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Change of capacity HDD WDCaviar 500Gb Sata 3

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May 5, 2010 8:47:43 PM

Hello, after a power failure while performing defrag with WinXP, my new WDCaviar 500Gb Sata (2nd HDD data purpose only) ends up listed as raw. I succesfully recovered all my data with a powerful partition software (TestDisk 6.11). Sadly, after that, I also changed the disk geommetry because the soft adviced it was wrong. Now, I´m able to make partitions and format the disk, but it appears reduced to 137 Gb from a 500 Gb one!
WD docs says nothing about reformatting the disk or even the right numbers of headers and sectors intended as original for its disks. Help!
a c 329 G Storage
May 8, 2010 5:50:33 AM

The 137 GB is a familiar number, BUT not when it is reported by Windows! A system that lacks "48-bit LBA Support" cannot use a HDD larger that 137 GB according to the way a HDD manufacturer counts it (they define a Gigabyte as 1,000,000,000 bytes). But Windows will call that same space 128 GB, because they define a Gigabyte as 1024 x 1024 x 1024 bytes.

But if your post means the drive appears to be a 137 GB unit in HDD maker's measurement system, you may have this problem. Win XP in its ORIGINAL form did NOT have 48-bit LBA Support. It was added in Service Pack 1 and maintained thereafter. Now, with all your problems, did you end up re-installing Win XP from an older Install CD that did NOT have any Service Packs included on it? If you did, the Install process could only have created a Partition no larger than 137 GB (or M$'s 128 GB) in which to do that install.

You say you "can make Partitions and Format the disk". How? What software tool are you using for those tasks? When I first started setting up my system with 320 GB units, I used a utility from the HDD maker to Partition and Format them, and ran into this limit. It turned out that if you ran the utility from the CD it came on it did NOT know what OS you had or were planning to use, so it refused to make a Partition larger than that limit. This was designed to prevent you from creating a Partition that your eventual OS could not handle. The simple solution is NOT to do the job that way. Let the Windows Install disk do the job for you if you're installing - any Win version from Win XP SP1 onwards will make Partitions larger than 137 GB. Or, if you are using Disk Management within Windows it will do the job just as long as the Windows you are running is at least SP1 of Win XP.

If that is not how you got to this situation, I suppose it is possible that something wrote information to the HDD's controller board that told it to limit itself to that size. I know Seagate drives can be set this way by using a utility from them, and can be reset to full capacity. I don't know whether WD has a similar feature or not. Check with their Tech Support guys.

By the way, you will not find any info on Cylinders, Heads and Sectors on modern drives. All of that is managed by the controller board on the HDD itself, and users cannot manipulate those things. Twenty years ago one had to put the right info like that into a computer's BIOS. Its controller used those three parameters to direct the HDD heads to the right sector it wanted to use. In the LBA system that took over in the '90s, modern controllers specify what sector they want with a single binary number. The controller board on the HDD takes that number and, pre-programmed with the data for the particular drive it is attached to, translates that number into the CHS co-ordinates for that drive. The original version of LBA ("Logical Block Addressing") used 28 binary bits to communicate this number. So the maximum number of sectors it could address was 2^28, or 268,435,456. Now, sectors up to recently are 512 bytes, so that's a maximum of 137,438,953,472 usable bytes - look familiar? By the late '90's HDD makers realized they would soon pass that size in their products and revised the LBA system to use 48 binary bits instead to communicate this address. Even without resorting to the new larger (4096 byte) sectors, that system provides for HDD capacities 'WAY larger than anyone knows how to make!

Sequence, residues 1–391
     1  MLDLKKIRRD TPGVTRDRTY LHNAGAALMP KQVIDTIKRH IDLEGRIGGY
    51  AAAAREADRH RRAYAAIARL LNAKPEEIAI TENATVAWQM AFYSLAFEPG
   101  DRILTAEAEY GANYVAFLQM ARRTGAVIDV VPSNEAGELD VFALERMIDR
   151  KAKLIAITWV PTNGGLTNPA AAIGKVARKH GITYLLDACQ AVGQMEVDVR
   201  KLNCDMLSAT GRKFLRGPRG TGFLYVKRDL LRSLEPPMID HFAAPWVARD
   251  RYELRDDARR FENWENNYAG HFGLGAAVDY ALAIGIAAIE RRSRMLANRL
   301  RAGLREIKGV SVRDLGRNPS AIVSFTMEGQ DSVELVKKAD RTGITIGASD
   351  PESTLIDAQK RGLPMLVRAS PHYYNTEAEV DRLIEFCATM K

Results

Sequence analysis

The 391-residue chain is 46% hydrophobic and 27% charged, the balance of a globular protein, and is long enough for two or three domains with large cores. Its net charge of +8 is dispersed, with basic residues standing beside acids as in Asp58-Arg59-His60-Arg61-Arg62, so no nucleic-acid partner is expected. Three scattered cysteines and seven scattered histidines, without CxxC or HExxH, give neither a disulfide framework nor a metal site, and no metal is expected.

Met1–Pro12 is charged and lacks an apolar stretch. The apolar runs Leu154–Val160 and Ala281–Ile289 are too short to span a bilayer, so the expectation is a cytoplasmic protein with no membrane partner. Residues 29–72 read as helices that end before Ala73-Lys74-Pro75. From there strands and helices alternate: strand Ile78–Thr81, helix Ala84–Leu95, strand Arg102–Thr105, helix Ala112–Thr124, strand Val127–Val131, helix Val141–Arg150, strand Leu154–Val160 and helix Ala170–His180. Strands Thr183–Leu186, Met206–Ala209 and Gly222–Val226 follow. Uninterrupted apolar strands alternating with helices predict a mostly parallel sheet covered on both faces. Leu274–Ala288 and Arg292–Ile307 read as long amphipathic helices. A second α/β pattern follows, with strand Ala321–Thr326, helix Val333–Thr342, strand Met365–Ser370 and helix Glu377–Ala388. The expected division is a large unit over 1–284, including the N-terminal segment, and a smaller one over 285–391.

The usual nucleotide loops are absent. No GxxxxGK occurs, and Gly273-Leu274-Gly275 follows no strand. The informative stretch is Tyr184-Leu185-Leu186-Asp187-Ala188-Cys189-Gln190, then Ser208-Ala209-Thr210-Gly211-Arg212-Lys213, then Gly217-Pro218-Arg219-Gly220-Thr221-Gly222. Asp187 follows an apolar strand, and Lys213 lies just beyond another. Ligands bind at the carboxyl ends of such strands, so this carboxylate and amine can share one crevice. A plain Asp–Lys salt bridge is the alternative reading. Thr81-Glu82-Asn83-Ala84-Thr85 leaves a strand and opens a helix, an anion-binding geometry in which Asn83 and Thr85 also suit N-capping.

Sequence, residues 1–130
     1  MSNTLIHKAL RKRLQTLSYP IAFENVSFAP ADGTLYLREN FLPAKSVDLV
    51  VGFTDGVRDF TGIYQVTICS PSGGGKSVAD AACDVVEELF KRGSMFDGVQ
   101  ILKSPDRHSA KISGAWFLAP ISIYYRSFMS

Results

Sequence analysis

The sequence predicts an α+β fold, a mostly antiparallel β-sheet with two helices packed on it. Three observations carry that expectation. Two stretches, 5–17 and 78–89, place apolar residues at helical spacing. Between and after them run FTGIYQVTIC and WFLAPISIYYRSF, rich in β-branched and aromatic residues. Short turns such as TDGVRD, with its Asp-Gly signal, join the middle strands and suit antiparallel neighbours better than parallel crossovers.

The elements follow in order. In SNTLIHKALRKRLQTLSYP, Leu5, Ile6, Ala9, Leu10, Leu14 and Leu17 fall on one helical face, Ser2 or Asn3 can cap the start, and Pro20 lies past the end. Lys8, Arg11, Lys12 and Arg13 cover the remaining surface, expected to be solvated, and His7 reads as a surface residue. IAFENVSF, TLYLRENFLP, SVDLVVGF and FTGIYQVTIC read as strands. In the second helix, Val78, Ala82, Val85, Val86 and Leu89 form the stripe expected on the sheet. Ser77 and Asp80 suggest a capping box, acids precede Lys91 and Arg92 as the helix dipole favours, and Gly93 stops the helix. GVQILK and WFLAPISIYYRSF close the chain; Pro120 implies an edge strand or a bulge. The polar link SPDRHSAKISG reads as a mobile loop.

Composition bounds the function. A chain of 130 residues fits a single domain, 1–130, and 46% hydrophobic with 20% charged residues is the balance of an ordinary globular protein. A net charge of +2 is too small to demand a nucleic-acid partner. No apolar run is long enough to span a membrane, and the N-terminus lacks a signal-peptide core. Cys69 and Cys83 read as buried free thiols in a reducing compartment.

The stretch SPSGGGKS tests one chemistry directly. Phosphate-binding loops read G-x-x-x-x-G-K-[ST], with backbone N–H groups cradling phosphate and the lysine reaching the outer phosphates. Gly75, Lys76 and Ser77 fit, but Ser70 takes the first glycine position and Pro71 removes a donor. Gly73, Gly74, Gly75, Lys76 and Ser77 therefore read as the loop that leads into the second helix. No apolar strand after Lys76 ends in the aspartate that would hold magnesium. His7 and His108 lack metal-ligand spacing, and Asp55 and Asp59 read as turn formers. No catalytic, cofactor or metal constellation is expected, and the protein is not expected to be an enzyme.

May 10, 2010 12:45:26 PM

Hello and Thanks Paperdoc. It seemed strange to me not to find anything about cylinders, heads and sectors. After your explanation, I understand why!
But there´s still software that fiddle with those things. I used TestDisk 6.11 (originally for Linux, in a solid version for Windows ) to recovered data from the HDD and later to wrongly changed disk geommetry specs. Putting the disk back in the original CPU, I can format and make partitions with Fdisk or with my installation WinXP CD. And yes, as you inferred, my WinXP Cd is old, previous to Service Pack 1.
But I finally get my HDD back on track with Acronis software, download free from Western Digital: it easily recognized and established the 500Gb size again, making possible to format and create partitions on it (one primary and one logical). That with my disk temporarily as a second unit in other PC.
But now, when I put it back in the original CPU, and ran my old WinXP installation disk, it only appeared to be 137Gb without partition again!
So it seems I`ll need a newer version of XP. Or migrating to Vista installation disk from my notebook will do the trick?